Dismiss
InnovationQ will be updated on Sunday, Oct. 22, from 10am ET - noon. You may experience brief service interruptions during that time.
Browse Prior Art Database

In Band Fallback Mechanism for Inverse Multiplexers

IP.com Disclosure Number: IPCOM000118705D
Original Publication Date: 1997-May-01
Included in the Prior Art Database: 2005-Apr-01
Document File: 2 page(s) / 108K

Publishing Venue

IBM

Related People

Beam, AD: AUTHOR [+2]

Abstract

An N-channel coherent transmission system is one in which N independently transported signals (such as N T1 signals) are caused to be cohered into a single channel of N times the single channel bit rate. As such, the system is susceptible to independent failure of one or more of the N constituent signals, and their later restoral. The system must operate such that upon loss of one of the constituent signals, the link does not simply go down, but rather that it be reconfigured to support a bit rate of N-1 times the single channel rate, rather than the normal N times. When the failed constituent signal is restored, the system must then revert back to its full N times bit rate.

This text was extracted from an ASCII text file.
At least one non-text object (such as an image or picture) has been suppressed.
This is the abbreviated version, containing approximately 50% of the total text.

In Band Fallback Mechanism for Inverse Multiplexers

      An N-channel coherent transmission system is one in which N
independently transported signals (such as

N T1

signals) are caused
to be cohered into a single channel of N times the single channel bit
rate.  As such, the system is susceptible to independent failure of
one or more of the N constituent signals, and their later restoral.
The system must operate such that upon loss of one of the constituent
signals, the link does not simply go down, but rather that it be
reconfigured to support a bit rate of N-1 times the single channel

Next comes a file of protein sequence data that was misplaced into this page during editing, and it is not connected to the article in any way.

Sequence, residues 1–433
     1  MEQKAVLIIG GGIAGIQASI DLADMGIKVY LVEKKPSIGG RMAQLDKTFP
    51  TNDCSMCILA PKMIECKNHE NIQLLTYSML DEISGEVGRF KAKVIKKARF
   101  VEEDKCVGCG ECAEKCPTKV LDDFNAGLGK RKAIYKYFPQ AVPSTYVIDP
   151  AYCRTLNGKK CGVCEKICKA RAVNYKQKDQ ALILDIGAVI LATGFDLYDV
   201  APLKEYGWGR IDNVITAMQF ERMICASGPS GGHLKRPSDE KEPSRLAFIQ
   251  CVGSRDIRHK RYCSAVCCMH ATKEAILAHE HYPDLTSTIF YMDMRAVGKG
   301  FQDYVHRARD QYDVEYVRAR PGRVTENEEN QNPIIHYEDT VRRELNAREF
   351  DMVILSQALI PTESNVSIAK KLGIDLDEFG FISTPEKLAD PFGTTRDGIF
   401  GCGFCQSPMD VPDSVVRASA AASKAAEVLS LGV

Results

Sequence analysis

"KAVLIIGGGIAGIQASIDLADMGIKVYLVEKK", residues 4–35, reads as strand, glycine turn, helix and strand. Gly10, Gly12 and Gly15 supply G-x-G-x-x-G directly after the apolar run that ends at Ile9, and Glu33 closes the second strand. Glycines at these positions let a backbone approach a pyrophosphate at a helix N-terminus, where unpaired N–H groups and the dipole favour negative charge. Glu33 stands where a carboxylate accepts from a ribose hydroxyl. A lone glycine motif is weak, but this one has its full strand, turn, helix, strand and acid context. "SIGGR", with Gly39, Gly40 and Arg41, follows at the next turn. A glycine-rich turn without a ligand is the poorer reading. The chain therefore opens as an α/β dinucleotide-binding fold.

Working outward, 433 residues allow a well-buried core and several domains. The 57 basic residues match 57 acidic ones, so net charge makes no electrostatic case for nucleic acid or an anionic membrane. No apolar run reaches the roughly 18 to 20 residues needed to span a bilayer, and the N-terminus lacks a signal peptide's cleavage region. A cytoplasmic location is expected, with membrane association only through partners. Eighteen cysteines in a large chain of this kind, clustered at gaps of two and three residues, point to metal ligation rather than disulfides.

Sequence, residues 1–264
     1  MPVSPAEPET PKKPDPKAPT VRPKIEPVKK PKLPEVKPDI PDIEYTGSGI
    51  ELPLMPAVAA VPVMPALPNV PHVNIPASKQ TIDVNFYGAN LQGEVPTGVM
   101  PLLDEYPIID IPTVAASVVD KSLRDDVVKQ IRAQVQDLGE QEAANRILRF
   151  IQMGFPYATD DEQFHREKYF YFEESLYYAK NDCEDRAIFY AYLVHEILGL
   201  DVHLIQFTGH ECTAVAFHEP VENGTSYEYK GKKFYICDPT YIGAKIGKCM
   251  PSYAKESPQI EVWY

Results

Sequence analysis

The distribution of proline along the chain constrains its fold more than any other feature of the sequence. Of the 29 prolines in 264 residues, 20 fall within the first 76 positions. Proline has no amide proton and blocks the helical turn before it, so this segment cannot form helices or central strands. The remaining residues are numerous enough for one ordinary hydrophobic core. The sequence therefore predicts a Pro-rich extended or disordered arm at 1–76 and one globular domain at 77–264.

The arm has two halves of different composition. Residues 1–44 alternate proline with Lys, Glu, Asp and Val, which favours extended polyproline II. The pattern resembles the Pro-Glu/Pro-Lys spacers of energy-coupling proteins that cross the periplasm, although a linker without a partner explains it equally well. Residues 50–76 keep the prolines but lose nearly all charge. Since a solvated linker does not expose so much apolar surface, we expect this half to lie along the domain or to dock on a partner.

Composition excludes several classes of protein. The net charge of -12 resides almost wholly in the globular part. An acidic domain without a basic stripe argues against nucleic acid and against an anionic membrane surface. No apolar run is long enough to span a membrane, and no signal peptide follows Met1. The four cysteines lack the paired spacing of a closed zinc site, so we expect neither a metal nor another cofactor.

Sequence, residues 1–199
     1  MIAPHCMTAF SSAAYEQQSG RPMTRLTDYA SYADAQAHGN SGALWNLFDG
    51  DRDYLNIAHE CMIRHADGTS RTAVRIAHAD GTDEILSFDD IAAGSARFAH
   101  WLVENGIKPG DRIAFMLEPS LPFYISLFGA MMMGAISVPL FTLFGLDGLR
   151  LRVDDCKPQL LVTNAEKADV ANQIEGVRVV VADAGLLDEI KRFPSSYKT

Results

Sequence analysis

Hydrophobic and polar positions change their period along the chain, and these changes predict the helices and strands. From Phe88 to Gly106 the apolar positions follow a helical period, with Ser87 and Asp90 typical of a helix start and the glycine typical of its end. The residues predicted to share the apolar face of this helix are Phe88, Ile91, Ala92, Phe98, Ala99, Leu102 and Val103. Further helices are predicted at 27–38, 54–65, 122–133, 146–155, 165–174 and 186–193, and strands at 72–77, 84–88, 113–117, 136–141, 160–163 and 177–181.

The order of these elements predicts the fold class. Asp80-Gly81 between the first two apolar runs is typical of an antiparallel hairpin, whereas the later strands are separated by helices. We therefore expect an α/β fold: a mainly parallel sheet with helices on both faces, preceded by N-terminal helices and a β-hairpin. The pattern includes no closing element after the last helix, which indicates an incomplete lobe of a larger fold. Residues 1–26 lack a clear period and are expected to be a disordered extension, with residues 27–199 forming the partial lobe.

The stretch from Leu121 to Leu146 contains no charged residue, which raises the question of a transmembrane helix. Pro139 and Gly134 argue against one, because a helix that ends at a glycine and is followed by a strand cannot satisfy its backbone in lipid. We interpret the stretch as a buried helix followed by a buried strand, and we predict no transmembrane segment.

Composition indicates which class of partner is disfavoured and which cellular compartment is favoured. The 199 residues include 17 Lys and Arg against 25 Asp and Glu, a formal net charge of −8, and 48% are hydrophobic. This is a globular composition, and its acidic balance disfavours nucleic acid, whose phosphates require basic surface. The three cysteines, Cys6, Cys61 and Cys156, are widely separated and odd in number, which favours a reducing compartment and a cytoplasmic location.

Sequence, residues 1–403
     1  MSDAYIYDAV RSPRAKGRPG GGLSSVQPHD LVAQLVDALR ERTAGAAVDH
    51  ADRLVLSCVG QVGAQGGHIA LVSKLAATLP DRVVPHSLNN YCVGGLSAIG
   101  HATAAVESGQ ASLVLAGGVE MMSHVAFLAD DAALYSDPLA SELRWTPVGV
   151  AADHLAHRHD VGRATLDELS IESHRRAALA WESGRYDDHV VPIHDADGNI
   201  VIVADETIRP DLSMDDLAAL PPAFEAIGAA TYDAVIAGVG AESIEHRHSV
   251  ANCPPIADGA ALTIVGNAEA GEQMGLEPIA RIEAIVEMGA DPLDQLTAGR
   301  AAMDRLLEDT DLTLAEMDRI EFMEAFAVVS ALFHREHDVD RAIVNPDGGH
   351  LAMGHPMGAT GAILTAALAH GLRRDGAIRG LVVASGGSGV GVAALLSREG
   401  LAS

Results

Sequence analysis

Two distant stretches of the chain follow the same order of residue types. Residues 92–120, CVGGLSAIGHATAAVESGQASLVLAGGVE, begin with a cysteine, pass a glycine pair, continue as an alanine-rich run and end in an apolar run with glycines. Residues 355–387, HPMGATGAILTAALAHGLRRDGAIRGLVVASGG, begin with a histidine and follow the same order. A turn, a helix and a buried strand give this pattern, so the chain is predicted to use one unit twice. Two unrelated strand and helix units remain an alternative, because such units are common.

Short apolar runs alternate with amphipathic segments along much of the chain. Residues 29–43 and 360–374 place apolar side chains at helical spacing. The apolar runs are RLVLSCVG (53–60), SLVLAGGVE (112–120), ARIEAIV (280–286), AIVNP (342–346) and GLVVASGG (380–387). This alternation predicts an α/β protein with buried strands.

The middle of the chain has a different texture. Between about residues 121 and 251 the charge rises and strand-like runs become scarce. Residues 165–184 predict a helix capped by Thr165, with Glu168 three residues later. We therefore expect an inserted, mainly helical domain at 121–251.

rate, rather than the normal N times.  When the failed constituent
signal is  restored, the system must then revert back to its full N
times bit rate.

      Present T1 inverse multiplexers with eight integrated T1 Data
Service Unit/Channel Service Unit (DSU/CSU) channels convert a
digital data stream with a data rate up to 12.2 Mbps from a Data
Terminal Equipment (DTE) source into multiple DS1 formatted channels
for transmission via T1 circuits.  At the other end of the T1 network
spans, the data from all T1 circuits is reassembled into the original
high speed data stream.  Differential delay of up to 32 msec across
the T1 circuits can readily be accommodated in the T1 realignment at
the receiving end.

      The In-Band alignment technique for T1 inverse multiplexers
utilizes the first bit of the first DS0 channel of each T1 frame, for
alignment.  This same time slot (first DS0 of each frame) also is
utilized for in-band T1 line management, i.e., dropping a faulty line
from service ('fallback') and subsequently restoring the line.  As an
alignment control, a pseudo random (PN) sequence which repeats after
N frames are inserted into the first bit position of each frame
(after the frame bit).  This pattern will be searched out by the
mating inverse  multiplexer on the receiving end.  As long as the
differential path delay among all T1 circuits is less than one half
of the time for the PN  sequence to repeat, then the T1 lines can be
cohered at the receiving end, by finding the start of the PN sequence
in each of the T1 lines.  The depth of an elastic buffer at the
receiving end will determine the maximum differential delay allowed
between the T1 circuits.  After each T1 channel has acquired frame
sync to the PN sequence, a cohered set of T1 channels is available to
read out of the  First In/First Out (FIFO) buffers.

      T1 framers automatically monitor the status of each T1 channel
and signal the local processor if one or more of the T1 channels
should be dropped due to sub-standard performance, or the detection
of a major  alarm.  Any faulty or sub-standard T1 span will
'fallback' out of service  until it subsequently is observed to be
free from defect and can be restored to service.  When a 'fallback'
T1 line is taken out of service,  the remaining T1 lines are
realigned to carry the entire DTE data stream.  Since the...